Centre for Civic Education (CCE) points out that the evident non-transparent work of the State Election Commission (SEC) starts to position itself as a negative factor in the assessment of the overall election process. The SEC has managed to make numerous controversial decisions in the past few months, to which the CCE duly warned, but also prosecuted some of them to the competent authorities to bring the SEC’s work within the framework of legality and best practices with joint efforts.
The central work of the SEC remains shrouded in secrecy. Notices of SEC’s sessions are published on the website shortly before, during and sometimes after the end of the sessions. The media cannot directly cover the SEC’s sessions, and press releases from these sessions are rare and crude, as well as the minutes themselves, which are published only after the next session. A single appearance of the SEC’s spokesperson, Mersudin Dautovic, was noted, and it provided more arguments to the critics of the SEC’s work than success in defending the SEC’s positions. Brief, but interesting, the CCE’s experience in observing SEC’s sessions reinforces our recommendation that SEC’s sessions must be open to direct media coverage of the discussion and positions of all its members.
The CCE notes the violation of the Law on Free Access to Information by the SEC, which is why we have so far submitted several complaints to the Agency for Protection of Personal Data and Free Access to Information.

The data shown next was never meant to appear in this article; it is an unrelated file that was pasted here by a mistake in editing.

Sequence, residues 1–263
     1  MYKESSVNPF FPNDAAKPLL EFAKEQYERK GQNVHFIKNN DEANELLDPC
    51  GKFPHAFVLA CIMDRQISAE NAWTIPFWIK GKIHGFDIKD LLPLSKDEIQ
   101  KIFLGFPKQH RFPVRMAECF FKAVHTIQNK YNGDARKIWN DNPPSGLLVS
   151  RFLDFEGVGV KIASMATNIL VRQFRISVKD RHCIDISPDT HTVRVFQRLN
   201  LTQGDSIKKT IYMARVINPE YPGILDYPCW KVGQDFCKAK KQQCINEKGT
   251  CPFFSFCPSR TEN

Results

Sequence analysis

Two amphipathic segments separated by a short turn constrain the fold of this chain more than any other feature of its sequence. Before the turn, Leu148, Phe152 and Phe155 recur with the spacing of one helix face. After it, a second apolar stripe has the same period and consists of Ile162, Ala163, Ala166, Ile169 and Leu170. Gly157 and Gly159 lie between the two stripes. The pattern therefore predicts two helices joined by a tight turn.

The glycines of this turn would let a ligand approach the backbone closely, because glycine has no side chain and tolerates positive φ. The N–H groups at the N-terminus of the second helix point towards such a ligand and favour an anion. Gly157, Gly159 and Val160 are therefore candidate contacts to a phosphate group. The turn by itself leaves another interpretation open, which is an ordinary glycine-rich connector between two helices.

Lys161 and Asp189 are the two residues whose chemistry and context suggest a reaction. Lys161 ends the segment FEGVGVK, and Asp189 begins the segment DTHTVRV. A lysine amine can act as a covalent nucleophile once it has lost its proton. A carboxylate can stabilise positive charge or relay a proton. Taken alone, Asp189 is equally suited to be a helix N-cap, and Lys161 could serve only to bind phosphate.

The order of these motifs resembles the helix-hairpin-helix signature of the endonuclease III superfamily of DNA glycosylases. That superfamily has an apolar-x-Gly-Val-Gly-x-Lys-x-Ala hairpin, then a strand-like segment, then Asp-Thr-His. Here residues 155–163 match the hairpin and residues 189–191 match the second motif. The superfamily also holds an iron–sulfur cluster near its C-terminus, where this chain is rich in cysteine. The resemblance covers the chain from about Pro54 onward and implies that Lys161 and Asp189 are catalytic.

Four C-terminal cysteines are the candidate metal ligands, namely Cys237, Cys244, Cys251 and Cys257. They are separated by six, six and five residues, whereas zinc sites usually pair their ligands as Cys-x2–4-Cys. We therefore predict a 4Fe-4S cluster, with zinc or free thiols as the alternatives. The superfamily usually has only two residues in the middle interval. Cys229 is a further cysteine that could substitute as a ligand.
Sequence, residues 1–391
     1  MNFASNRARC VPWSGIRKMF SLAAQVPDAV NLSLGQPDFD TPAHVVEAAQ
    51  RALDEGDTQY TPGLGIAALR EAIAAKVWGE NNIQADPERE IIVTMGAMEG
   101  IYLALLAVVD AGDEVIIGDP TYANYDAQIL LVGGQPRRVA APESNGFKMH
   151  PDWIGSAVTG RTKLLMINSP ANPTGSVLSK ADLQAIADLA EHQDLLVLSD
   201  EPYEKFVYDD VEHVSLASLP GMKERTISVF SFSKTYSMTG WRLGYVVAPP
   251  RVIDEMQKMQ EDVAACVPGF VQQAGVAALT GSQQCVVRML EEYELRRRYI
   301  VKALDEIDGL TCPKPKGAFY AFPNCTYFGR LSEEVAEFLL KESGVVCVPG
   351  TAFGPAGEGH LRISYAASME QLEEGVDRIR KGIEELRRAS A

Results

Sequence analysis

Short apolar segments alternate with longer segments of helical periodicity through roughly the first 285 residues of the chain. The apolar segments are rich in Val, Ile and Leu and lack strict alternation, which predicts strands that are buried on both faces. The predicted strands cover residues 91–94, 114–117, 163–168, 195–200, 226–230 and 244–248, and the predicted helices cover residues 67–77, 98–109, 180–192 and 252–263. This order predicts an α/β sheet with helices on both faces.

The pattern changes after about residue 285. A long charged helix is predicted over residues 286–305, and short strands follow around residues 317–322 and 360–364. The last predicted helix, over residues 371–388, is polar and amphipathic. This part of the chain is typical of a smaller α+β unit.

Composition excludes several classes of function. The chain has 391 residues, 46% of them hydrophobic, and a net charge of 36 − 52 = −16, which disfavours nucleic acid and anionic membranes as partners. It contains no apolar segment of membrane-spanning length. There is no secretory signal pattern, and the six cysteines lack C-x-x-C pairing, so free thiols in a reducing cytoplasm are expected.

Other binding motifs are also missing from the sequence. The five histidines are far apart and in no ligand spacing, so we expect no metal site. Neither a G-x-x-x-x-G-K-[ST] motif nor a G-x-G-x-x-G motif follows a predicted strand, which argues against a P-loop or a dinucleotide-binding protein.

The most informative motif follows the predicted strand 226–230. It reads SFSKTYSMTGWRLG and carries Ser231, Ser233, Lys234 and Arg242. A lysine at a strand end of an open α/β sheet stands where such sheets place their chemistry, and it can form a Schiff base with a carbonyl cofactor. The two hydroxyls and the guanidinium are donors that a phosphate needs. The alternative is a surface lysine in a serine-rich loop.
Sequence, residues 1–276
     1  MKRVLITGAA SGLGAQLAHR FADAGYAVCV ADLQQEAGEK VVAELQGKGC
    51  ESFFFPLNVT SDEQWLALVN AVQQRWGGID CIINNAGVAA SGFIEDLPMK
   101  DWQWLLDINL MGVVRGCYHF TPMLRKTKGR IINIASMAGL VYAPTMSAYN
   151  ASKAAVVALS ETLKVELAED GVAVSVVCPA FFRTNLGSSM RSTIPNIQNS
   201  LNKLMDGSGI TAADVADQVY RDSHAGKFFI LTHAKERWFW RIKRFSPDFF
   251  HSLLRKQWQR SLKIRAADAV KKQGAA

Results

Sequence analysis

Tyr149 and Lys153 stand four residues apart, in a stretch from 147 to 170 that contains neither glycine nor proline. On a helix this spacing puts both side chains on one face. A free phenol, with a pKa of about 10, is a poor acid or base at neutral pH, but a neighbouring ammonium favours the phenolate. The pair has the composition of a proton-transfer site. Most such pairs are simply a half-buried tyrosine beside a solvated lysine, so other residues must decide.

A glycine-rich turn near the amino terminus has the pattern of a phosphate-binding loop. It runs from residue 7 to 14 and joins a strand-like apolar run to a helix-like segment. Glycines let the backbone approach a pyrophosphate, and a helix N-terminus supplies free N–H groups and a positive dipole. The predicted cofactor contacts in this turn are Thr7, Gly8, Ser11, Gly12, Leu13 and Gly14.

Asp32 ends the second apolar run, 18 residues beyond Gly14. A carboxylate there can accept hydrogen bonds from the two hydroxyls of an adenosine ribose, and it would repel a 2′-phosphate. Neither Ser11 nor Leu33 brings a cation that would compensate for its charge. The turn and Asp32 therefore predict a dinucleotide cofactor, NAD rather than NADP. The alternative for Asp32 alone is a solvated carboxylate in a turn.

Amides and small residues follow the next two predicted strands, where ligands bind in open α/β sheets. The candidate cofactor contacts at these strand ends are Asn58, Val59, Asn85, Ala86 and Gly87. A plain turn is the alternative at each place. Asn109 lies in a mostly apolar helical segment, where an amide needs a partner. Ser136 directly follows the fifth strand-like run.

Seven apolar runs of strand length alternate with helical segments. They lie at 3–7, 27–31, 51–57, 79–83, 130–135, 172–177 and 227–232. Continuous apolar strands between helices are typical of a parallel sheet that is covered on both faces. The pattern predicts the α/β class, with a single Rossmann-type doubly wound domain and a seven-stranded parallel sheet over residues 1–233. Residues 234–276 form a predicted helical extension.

Namely, the CCE did not receive from the SEC information related to the procedure and conditions of renting workspace in the hotel ‘Hilton’, as well as whether the SEC tried to find a solution through the use of some state-owned space before renting an expensive hall in this hotel. It is known to the public that the Government has allocated tens of thousands of euros for this purpose from the Current Budget Reserves, at the request of the SEC. The public should hear from the SEC why they chose this over-priced, and we suspect – illegal solution at a time of great economic uncertainty.
Also, the SEC did not submit to the CCE any documentation related to information on the use of software of Vuk Perisic, a former DPS councillor and employee in the Parliament of Montenegro. The public is aware that the OSCE Mission donated software for the same purpose to the SEC last year, and the SEC’s explanations that ‘Vuk Perisic’s software is faster than the one donated by the OSCE’ as well as that it requires the entry of a smaller amount of personal data, i.e. only unique identity number (JMBG), sound unconvincing, bearing in mind that for every citizen, when entering JMBG, a name also appears, which indicates the unauthorized generation of personal data in the software of Vuk Perisic with full SEC’s awareness of it. This case indicates a relaxed attitude towards public funds during the economic crisis, but also towards jeopardizing the protection of personal data.